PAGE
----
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You guys are looking at it wrong. We all have biases. My bias, which seems to be the same as Tom's is that I prefer a competitive industry. Monopolies are always bad for the consumer. So I celebrate every AMD victory. I think we all were happy to see Ryzen 1st gen, but it's pretty excited to see that the 2nd gen doesn't have any real problems.

I'm not going to lie to people seeking advice and blindly tell them to buy AMD (or Radeon). But all things being equal, Team Red is a better choice for the consumer, longterm. I generally state something to that effect in my recommendations, which are always for Ryzen systems these days no that they got their act together.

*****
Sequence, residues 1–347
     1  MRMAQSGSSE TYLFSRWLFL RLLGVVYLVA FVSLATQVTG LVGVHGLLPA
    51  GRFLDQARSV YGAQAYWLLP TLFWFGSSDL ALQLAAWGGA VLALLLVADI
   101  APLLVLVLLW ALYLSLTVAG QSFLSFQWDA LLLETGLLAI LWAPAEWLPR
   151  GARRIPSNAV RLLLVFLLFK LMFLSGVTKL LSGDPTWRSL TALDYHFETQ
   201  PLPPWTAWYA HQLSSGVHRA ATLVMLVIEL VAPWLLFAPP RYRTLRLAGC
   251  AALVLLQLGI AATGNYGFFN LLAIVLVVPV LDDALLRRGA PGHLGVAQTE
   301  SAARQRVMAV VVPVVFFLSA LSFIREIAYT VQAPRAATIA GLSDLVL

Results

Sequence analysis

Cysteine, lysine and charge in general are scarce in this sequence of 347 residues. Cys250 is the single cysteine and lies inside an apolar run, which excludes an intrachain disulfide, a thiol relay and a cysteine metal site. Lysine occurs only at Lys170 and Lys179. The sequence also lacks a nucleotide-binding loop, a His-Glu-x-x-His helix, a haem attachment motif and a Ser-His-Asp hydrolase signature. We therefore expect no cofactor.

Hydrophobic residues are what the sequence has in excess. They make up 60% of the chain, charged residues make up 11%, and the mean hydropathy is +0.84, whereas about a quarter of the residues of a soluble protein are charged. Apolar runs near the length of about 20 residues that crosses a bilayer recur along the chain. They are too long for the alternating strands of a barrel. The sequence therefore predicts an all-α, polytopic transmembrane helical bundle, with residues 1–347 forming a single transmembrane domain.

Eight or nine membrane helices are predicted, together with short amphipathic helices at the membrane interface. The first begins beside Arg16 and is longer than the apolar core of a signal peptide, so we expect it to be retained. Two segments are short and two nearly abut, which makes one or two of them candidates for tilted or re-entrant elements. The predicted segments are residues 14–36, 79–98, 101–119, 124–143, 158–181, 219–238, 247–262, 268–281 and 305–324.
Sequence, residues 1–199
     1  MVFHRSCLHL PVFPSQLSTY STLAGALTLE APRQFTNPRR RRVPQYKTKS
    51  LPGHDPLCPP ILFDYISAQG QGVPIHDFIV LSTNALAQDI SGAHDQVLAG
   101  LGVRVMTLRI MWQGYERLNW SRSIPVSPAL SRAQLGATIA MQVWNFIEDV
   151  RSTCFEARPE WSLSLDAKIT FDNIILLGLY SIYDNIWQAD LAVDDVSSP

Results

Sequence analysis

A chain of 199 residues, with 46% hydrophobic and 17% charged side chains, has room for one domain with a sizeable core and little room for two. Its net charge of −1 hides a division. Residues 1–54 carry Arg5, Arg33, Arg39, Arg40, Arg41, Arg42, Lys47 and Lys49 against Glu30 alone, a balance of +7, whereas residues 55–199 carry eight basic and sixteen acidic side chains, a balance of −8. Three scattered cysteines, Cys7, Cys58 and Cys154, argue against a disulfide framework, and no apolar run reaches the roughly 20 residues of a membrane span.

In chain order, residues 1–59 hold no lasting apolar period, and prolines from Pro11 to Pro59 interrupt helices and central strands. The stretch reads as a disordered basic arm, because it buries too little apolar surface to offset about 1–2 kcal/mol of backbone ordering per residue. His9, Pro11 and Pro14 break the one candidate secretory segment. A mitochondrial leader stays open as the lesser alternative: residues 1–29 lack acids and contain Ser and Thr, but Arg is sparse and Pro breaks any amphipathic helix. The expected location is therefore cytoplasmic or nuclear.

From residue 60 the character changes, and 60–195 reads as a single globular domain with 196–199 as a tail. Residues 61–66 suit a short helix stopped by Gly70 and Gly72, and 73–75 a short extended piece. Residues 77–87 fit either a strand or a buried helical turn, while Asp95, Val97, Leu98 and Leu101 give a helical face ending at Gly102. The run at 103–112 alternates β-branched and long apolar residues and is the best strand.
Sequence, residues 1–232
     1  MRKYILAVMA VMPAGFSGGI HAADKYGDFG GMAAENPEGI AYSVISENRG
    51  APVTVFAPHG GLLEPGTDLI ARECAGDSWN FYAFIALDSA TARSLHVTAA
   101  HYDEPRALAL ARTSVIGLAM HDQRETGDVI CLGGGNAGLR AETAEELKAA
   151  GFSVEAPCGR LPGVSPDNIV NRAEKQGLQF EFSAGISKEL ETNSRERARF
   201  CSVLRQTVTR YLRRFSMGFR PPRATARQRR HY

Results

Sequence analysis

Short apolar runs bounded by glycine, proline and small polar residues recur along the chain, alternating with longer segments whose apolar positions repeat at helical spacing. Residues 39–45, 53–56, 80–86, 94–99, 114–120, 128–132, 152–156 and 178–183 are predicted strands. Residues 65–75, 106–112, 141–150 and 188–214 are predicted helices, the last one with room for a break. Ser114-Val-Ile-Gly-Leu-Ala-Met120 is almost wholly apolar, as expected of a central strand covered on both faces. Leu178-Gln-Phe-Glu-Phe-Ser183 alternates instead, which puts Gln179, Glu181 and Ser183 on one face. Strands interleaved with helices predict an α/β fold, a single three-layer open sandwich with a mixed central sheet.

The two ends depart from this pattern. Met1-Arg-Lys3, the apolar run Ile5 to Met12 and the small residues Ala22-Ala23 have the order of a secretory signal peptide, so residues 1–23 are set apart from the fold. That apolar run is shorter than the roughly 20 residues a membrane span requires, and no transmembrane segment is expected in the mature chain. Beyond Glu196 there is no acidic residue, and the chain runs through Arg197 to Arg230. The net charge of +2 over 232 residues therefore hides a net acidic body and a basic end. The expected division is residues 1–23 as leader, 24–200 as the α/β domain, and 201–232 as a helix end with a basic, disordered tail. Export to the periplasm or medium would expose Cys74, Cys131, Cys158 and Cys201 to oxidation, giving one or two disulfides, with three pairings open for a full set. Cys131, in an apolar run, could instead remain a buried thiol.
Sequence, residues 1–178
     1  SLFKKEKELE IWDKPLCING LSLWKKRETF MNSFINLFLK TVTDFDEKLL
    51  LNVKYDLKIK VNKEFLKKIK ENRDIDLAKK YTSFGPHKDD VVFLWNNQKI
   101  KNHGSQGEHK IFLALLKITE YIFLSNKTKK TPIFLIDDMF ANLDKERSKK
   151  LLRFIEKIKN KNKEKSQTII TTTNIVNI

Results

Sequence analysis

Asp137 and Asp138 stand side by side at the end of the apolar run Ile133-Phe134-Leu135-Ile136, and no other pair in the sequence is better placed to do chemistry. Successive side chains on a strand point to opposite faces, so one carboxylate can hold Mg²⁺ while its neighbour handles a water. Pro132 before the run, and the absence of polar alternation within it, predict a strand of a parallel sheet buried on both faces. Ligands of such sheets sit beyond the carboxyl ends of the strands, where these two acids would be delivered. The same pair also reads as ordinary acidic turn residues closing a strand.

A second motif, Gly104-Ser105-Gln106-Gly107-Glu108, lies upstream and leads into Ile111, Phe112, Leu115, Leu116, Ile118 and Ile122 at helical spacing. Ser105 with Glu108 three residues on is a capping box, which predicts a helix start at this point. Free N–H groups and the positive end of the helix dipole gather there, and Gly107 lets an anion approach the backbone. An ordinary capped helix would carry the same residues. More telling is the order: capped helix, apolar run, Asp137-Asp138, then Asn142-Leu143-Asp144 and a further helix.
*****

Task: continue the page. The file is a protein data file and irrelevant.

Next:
Weeeeeeeeeeell,that's not quite that simple is it now?!
The 8700k gives you 6 cores and at the same number of cores and the same clocks it has 100% of the top speed that is possible today,no matter what you run no other CPU is faster at the same #cores and same clocks, plus that you can reach the highest sane clocks that are possible today which is ~5Ghz which AMD also reached before but can't with ryzen.
You can even see this in this somewhat flawed benchmark,while the 8700k has an 16% lead in clocks and the ryzen has an 33,3% lead in cores the 8700k comes out ahead with up to 40% in quite a few of the benches.
 

alextheblue